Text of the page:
This week’s America250 salute is Army Veteran James Okubo.
As the American-born son of Japanese immigrants, James Okubo was a Nisei, or second-generation Japanese American. While attending college at Western Washington University in Bellingham, Okubo was active in the ski and press clubs at the school. But after the Japanese attack on Pearl Harbor in December 1941, sentiments towards the Japanese in the U.S. changed. President Franklin D. Roosevelt signed Executive Order 9066 in February 1942, which relocated the Japanese on the West Coast to internment camps. Okubo dropped out of school to help his family prepare. In July, they went to the Tule Lake Relocation Center in Newell, California.
Despite the challenges of internment, Okubo kept active by working in the camp hospital and earned the praise of his fellow orderlies. He considered leaving the camp to attend the student-leave program and study dentistry. He received several references from faculty at Western Washington University. But in the spring of 1943, the sudden death of his father and illness of his mother changed Okubo’s plans to attend school. Instead, he chose to enlist in the Army in May with two of his brothers and cousins.
After basic training, Okubo served with the 100th Infantry Battalion, 442nd Regimental Combat Team. This battalion was exclusively Japanese American volunteers from the internment camps, Hawaii and states outside of the West Coast exclusion zone. Okubo trained as a medic and, in 1944, the 442nd deployed to Europe. Okubo’s brother Sumi later wrote that his brother was highly respected by his comrades as a medic.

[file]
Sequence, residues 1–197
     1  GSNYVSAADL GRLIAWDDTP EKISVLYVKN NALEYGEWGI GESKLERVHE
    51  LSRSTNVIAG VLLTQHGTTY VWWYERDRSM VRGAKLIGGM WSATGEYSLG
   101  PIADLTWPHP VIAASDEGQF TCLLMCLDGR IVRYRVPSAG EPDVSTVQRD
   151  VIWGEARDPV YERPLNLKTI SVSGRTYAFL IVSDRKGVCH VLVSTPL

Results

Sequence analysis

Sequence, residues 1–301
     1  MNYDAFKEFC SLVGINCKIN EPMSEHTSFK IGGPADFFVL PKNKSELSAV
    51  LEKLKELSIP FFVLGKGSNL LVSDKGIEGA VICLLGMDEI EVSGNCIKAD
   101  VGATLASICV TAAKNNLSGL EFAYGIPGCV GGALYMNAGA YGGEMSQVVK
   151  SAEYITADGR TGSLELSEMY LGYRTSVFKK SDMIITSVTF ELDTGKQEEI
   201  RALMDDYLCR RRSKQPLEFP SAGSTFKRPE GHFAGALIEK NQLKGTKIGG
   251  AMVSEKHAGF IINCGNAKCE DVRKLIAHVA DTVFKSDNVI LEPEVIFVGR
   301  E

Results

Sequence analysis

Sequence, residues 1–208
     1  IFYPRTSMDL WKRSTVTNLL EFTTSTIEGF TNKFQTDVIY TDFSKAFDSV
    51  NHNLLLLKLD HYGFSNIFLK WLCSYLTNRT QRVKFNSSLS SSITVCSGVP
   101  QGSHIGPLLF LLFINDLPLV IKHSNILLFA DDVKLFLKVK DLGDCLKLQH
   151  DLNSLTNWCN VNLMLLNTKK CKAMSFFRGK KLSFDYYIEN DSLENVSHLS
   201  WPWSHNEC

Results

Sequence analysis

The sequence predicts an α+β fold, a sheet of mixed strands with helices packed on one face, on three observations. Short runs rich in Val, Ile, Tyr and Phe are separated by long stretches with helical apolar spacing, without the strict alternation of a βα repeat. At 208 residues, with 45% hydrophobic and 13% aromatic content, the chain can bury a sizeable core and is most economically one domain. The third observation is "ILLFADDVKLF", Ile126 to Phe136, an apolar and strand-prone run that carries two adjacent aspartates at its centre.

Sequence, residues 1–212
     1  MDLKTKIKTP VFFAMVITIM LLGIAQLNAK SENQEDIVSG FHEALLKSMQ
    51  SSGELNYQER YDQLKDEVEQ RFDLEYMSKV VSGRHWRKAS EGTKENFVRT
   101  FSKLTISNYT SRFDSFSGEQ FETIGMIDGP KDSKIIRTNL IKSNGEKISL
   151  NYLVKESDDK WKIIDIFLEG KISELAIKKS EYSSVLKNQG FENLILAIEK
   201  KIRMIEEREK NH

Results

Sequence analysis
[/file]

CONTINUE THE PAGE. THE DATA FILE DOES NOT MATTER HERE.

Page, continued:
“The fellows who know him say he’s the best medic in the regiment,” Sumi wrote in a letter home according to a 2017 Seattle Times article. “He’s had some close calls but that doesn’t seem to bother him. Maybe someday you’ll read about one of the things he did not too long ago, took a lot of guts to do it.”
During the fall of 1944, Okubo’s battalion deployed to the Vosges Mountains along the French border with Germany. It was here that the 442nd went to rescue the “Lost Battalion” of over 200 U.S. infantry in the Foret Domaniale de Champ, near Biffontaine. During this mission, Okubo served with the medical detachment and treated many wounded soldiers. According to his Medal of Honor citation, over a two-day period, despite being under heavy enemy fire, Okubo treated and evacuated over two dozen injured men from the front lines. A few days later, he also risked his life to rescue and treat a wounded soldier who was trapped in a burning tank. In May 1945, the Army considered Okubo for a Medal of Honor for his actions in France. But because he was Japanese American and a medic, he received a Silver Star instead.
After the war, Okubo honorably discharged from the Army as a technician fifth class. His family relocated to Detroit, Michigan, and Okubo returned to college to study dentistry. After receiving his bachelor’s degree, Okubo attended the University of Detroit Dental School and earned his master’s. He later became a faculty member after setting up his own practice. In 1951, he married Nobuyo Miyaya and raised a family with her.
On Jan. 29, 1967, Okubo was on a ski trip in Michigan with his family when he died in a car accident. He was buried at Woodlawn Cemetery in Detroit, Michigan. In 2000, former Senator Daniel Kahikina Akaka presented a bill in Congress to posthumously grant a Medal of Honor to Okubo and two other members of the 442nd Regimental Combat team. During a ceremony at the White House later that year, Okubo’s wife and children received his medal. In June 2019, Okubo received a posthumous honorary degree from his former university, Western Washington University.
When Okubo planned to leave Tule Lake for study in the spring of 1943, one of his references Marjorie Kinglsey wrote, “He has indicated that he very much wishes he could be doing something for his country. I personally think that he could be doing no greater service than training for medicine. With his aptitude and his personal qualifications, I think he will make a splendid doctor, and we are going to need many of them in the near future.”
We honor his service.
VA is highlighting 250 Veterans leading up to July 4, 2026, which marks 250 years of independence. Learn more about the count down to 250 years of the American spirit at https://america250.org/.
Writer: Sarah Concepcion
Editors: Annabelle Colton, Julia Pack
Researcher: Timothy Georgetti
Graphic Designer: Kiki Kelley